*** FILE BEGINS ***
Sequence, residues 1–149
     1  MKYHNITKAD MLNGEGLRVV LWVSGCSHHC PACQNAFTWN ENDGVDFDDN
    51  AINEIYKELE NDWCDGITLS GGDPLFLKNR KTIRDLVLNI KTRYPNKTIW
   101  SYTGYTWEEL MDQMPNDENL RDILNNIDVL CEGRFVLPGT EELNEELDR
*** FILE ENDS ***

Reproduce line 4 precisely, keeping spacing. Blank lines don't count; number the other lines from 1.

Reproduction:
   101  SYTGYTWEEL MDQMPNDENL RDILNNIDVL CEGRFVLPGT EELNEELDR